A power of attorney (POA) is a written document in which you authorize another (called the attorney-in-fact) to make certain decisions for you.
1. Springing. A springing power of attorney generally takes effect or springs into effect upon the incapacity of the person.Durable.
2. A Durable power of attorney takes effect immediately upon signing (as opposed to the springing power of attorney). Until it is properly revoked, it will allow the attorney-in-fact to use any and all of the authority given in the power of attorney within its allotted scope. This type of document can provide great flexibility to you if the identified "attorney-in-fact" is trustworthy and understands the wishes of the giver. Otherwise, it can easily be abused and may leave you in dire circumstances.Limited.
3. A Limited power of attorney is generally restricted as to its duration or as to the type of authority given by the document (or frequently utilizes both types of restrictions).
Generally, anyone age eighteen (18) or over who would like to authorize another to make decisions in the event of the incapacity of the giver should have at least a springing power of attorney or possibly a limited power of attorney.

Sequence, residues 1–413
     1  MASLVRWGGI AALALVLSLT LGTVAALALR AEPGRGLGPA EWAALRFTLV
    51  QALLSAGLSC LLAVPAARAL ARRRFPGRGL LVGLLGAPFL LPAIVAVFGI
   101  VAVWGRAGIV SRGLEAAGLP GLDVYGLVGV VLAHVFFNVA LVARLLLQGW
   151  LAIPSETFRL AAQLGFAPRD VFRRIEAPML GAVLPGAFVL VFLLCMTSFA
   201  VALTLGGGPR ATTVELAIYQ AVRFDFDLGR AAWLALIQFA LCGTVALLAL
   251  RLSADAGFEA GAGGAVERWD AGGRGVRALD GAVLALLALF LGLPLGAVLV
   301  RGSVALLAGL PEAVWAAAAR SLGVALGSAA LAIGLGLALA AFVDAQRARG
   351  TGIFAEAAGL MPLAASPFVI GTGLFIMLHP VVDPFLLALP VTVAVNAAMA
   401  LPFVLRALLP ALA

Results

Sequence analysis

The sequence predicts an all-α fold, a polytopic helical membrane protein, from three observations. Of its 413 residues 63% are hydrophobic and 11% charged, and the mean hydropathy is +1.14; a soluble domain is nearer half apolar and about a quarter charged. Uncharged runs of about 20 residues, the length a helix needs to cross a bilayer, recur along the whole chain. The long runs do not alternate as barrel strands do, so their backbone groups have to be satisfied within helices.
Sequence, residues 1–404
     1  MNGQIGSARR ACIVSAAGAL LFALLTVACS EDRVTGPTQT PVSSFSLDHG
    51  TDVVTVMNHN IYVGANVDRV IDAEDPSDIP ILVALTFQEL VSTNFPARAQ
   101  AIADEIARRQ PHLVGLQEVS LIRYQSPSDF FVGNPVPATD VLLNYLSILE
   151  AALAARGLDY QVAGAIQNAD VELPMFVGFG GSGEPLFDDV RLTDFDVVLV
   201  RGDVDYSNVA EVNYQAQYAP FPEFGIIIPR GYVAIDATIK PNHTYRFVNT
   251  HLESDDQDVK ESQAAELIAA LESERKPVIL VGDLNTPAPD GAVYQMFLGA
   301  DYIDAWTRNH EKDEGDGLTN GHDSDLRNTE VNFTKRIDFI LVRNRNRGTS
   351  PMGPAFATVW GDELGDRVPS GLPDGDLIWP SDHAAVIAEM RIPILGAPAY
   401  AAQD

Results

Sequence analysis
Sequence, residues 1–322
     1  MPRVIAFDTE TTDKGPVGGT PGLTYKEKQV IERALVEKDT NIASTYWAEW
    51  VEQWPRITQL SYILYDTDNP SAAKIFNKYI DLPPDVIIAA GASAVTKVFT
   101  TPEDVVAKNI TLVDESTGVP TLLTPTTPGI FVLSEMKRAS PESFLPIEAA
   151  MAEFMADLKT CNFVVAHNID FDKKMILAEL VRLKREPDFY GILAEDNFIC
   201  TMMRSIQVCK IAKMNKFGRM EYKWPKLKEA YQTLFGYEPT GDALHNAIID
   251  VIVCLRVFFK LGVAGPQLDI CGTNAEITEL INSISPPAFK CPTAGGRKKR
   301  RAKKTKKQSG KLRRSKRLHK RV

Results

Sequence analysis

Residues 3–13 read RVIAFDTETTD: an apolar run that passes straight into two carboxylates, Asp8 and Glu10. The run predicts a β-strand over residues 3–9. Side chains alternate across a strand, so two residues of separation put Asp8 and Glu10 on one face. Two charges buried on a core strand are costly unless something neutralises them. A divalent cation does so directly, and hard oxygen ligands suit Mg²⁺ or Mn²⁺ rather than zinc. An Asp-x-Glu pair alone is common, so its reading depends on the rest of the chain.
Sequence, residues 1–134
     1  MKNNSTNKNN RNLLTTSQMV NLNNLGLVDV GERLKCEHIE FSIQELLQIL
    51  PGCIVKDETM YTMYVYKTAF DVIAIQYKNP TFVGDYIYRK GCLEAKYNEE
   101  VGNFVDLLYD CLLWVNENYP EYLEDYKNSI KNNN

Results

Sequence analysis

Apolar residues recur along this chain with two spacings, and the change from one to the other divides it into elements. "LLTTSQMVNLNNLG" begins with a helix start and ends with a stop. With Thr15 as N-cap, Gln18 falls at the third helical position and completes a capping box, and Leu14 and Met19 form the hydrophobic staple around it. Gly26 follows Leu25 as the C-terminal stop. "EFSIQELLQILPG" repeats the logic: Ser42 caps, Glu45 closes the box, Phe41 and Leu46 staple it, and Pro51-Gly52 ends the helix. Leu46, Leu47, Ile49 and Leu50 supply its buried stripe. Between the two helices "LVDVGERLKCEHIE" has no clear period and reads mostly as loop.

Prior to 2008 in Utah, most well-drafted estate plans included a separate healthcare power of attorney. Like the types of powers of attorney set forth above, these healthcare powers of attorney could be springing, limited, or durable. Most well-drafted estate plans also included a living will. In 2008, the Utah legislature enacted the Utah Advance Healthcare Directive (UAHD).
The UAHD essentially combines the powers of a healthcare power of attorney with a living will by allowing you to plan for medical incapacity and to express your wishes regarding appointment of a guardian, organ donation and other disposition of your body, and termination of life sustaining care.
The UAHD allows you to appoint an agent for the express purpose of making healthcare decisions for you; allows you to identify whether you wish to participate in organ donation or other disposition of your body; and provides the opportunity to identify the extent to which you wish to permit life sustaining care.
Generally, anyone age eighteen (18) or over who would like to authorize another to make the decisions contemplated by a UAHD should have one.